CHARLOTTE, N.C. — The Queen City hosted the NBA All-Star Game in 1991, but that was when the city didn’t have enough bars and restaurants to host all of the fans.
Now, restaurants, bars, museums and other attractions line the streets throughout Center City.
Former Mayor Pro Tem Lynn Wheeler said when the All-Star Game was in Charlotte in 1991, the All-Star Committee wanted to provide the thousands of out-of-town guests with more food and drink options.
“There was no activity or life in downtown Charlotte, none,” Wheeler said.
Offices and storefronts in uptown were converted into pop-up restaurants and bars to give the city some hustle and bustle, Wheeler said.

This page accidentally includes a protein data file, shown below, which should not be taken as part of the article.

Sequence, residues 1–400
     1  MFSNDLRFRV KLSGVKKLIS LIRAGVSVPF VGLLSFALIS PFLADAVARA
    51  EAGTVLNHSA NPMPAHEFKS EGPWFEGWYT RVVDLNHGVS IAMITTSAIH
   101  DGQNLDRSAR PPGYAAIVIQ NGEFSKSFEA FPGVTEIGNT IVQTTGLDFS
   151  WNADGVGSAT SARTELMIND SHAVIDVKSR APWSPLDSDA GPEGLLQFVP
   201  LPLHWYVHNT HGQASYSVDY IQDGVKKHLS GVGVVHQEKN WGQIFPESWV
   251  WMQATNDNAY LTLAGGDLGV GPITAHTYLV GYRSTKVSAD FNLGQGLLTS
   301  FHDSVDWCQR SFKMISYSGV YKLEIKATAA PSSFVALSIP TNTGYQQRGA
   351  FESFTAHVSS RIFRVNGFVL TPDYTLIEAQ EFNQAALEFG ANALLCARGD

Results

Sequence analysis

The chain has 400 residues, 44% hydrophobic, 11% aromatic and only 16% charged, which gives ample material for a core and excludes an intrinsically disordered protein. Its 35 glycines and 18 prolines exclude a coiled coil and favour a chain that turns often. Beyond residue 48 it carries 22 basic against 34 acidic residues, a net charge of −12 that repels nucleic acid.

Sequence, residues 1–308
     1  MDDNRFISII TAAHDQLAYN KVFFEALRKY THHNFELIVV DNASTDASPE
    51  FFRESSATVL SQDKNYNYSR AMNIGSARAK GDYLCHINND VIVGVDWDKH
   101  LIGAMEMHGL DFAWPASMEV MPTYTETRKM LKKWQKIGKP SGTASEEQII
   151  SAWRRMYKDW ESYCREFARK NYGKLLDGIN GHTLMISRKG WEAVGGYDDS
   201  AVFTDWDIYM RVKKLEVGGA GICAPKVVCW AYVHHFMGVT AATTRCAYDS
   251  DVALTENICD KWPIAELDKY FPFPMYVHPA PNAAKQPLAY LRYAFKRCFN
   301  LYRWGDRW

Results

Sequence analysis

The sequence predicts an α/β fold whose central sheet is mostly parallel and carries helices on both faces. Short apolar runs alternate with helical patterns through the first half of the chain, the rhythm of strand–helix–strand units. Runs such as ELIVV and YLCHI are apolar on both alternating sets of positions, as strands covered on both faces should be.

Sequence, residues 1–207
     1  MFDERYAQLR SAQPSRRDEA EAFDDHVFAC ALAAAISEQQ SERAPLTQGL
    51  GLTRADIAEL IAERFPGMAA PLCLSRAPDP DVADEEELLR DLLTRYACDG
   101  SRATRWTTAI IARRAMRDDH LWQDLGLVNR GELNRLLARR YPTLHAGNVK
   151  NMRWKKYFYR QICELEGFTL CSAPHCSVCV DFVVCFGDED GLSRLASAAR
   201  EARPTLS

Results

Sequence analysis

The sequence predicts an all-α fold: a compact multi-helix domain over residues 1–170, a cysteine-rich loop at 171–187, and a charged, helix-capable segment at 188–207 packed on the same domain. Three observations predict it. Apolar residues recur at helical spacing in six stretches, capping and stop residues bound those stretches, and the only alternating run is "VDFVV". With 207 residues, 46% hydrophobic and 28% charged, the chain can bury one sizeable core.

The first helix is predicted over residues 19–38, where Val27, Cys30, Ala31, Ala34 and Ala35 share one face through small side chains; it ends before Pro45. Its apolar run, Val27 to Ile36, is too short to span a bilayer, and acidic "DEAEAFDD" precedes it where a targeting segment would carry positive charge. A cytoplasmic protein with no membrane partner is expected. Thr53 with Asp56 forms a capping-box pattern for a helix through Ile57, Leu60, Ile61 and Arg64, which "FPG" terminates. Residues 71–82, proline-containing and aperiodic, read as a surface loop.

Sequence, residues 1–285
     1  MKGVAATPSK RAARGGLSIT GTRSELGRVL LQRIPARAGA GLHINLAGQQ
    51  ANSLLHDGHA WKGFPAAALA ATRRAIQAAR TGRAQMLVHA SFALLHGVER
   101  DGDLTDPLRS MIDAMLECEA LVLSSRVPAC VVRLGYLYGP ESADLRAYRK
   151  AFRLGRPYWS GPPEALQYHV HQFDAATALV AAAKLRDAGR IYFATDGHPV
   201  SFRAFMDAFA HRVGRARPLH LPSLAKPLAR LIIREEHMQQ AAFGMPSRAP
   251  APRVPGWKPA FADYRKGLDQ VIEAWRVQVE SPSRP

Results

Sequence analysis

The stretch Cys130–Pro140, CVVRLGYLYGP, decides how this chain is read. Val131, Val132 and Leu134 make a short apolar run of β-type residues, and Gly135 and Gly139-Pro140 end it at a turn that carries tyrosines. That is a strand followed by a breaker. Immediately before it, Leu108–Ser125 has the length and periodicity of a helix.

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“It looked real, but it was kind of a joke,” she said.
An estimated 9,000 visitors were expected for the game in 1991. For this year's All-Star Game the Queen City is preparing for 150,000 people.
Tickets to get into the game are more than $500 for upper-level seats Sunday night.
In 1991, current Mayor Vi Lyles took her son to the game for less than $50 at the coliseum on Tyvola Road.
“It was basically (where) a town people came into work and then went home,” Lyles said.
Wheeler and Lyles credit Spectrum Center's location uptown for helping Center City explode
“Having professional sports makes the city more mature but also a more exciting place to be,” Lyles said.
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